4. By: Serena Frazzoni ; Maria Luisa Mancusi (Università Cattolica del Sacro Cuore ; Dipartimento di Economia e Finanza, Università Cattolica del Sacro Cuore ); Zeno Rotondi ; Maurizio Sobrero ; Andrea Vezzulli
    Abstract: This paper assesses the role of relationship lending in explaining simultaneously the innovation activity of Small and Medium Enterprises (SME), their probability to export (i.e. the extensive margin) and their share of exports on total sales conditional on exporting (i.e. the intensive margin). We adopt a measure of informational tightness based on the ratio of firm’s debt with its main bank to firm’s total assets. Our results show that the strength of the bank-firm relation has a positive impact on both SME’s probability to export and their export margins. This positive effect is only marginally mediated by the SME’s increased propensity to introduce product innovation. We further discuss the financial and non-financial channels through which the intensity of bank-firm relationship supports SMEs’ international activities.
    Keywords: margins of export, bank-firm relationships, innovation, localized knowledge spillovers
    JEL: F10 G20 G21 O30
    Date: 2014–11
  5. By: Arudchelvan, Menaka (Asian Development Bank Institute ); Wignaraja, Ganeshan (Asian Development Bank Institute )
    Abstract: Growing internationalization of firms in Asia through participation in global value chains (GVCs) and free trade agreements (FTAs) has focused attention on small and medium-sized enterprises (SMEs). Yet there is scant literature on the characteristics of SMEs involved in GVCs and FTAs. Malaysia is reputed for its engagement in GVCs and is actively pursuing FTAs. Drawing on a survey of Malaysian enterprises, this paper examines the characteristics of SMEs in GVCs and FTAs and explores the policy implications. It finds that even among SMEs, firm size matters for participation in GVCs and FTAs. But size is not the whole story for SME internationalization. Licensing of foreign technology and investment in research and development are also positively associated with SMEs joining GVCs. Furthermore, increased exposure to international trade, knowledge of FTA provisions and central location positively affects the use of FTAs by SMEs. More business support for SMEs can help them to engage in GVCs and FTAs.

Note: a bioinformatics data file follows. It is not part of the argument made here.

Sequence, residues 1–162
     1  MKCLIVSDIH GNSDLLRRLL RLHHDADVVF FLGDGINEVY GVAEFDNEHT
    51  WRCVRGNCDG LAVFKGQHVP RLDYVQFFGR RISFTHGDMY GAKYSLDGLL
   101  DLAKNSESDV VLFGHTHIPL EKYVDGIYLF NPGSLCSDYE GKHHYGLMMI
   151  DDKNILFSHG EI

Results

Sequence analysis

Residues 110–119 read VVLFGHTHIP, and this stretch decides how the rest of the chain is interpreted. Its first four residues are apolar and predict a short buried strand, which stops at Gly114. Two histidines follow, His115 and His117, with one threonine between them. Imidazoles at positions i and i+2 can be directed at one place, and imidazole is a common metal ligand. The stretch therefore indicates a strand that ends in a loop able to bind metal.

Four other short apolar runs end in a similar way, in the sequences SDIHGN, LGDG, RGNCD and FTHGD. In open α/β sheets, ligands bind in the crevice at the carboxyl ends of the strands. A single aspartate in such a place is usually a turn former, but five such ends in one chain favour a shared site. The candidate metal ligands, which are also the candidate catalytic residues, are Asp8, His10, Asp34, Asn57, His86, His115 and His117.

Keywords: internationalization; global value chains. utilization of free trade agreement; firm-level analysis
    JEL: F13 F14 F15
    Date: 2015–02–18
  6. By: Cyrine Ben-­-Hafaïedh (IÉSEG School of Management,France ); Alessandra Micozzi (Università Politecnica delle Marche, Italy ); Pierpaolo Pattitoni (University of Bologna, Italy )
    Abstract: Academic spin-offs (ASOs) are particular new technology-based firms (NTBFs) originating from public or university-based research institutions. One of their major challenges is to integrate scientific knowledge with the commercial knowledge in the entrepreneurial team (ET). The effect of ET composition on ASO performance has generally been examined through human capital theory or upper echelons theory. These traditional approaches have their merits and generally conclude to the necessity to add surrogate (external) entrepreneurs to the core team of academics. However, this would create a faultline, i.e. a divide between these two subgroups that negatively impacts team processes, and might explain why these artificially created ETs are not as successful as expected. We argue that a combination of these different lenses on ET composition and its relationship with performance may lead to a better understanding. Drawing on the human capital and upper echelons theories on the one hand and on the faultline theory on the other, we develop interaction hypotheses to test for their combined effect on a sample of 172 Italian ASOs. Our results permit to reveal the significant impact on performance of subtle compositional dimensions of the core academic ET that would have otherwise gone unnoticed. They also allow us to stress the importance of cognitive distance optimizers and show how they contribute not only to prevent the negative effects of diversity but also to create the preconditions for the positive effects. Theoretical and practical implications are drawn and future avenues of research suggested.
    Keywords: Entrepreneurial teams; faultline theory; human capital theory; academic spin-offs;performance
    Date: 2015–02
  7. By: Foellmi, Reto ; Legge, Stefan ; Tiemann, Alexa
    Abstract: This paper examines how trade liberalization affects investments in R&D at the firm level. In a model where entrepreneurs are heterogeneous in their wealth endowment, they rely differently on external funds. In the presence of capital market imperfections, this implies heterogeneous access to external funds such that poor entrepreneurs run smaller firms, are less likely to invest in R&D, and more likely to exit the market. Decreasing trade costs resulting from tariff reductions exacerbate these characteristics. Using firm-level panel data on seven Latin American countries for 2006 and 2010, we find support for our theoretical predictions. While recent studies emphasize a positive impact of trade liberalization on firms' productivity-enhancing activities, we provide novel evidence showing that financial constraints can impair the effect on R&D efforts. To address potential endogeneity concerns, we verify our findings using external financial dependence based on U.S. firms. These results suggest that imperfect capital markets can prevent welfare gains from trade liberalization to materialize.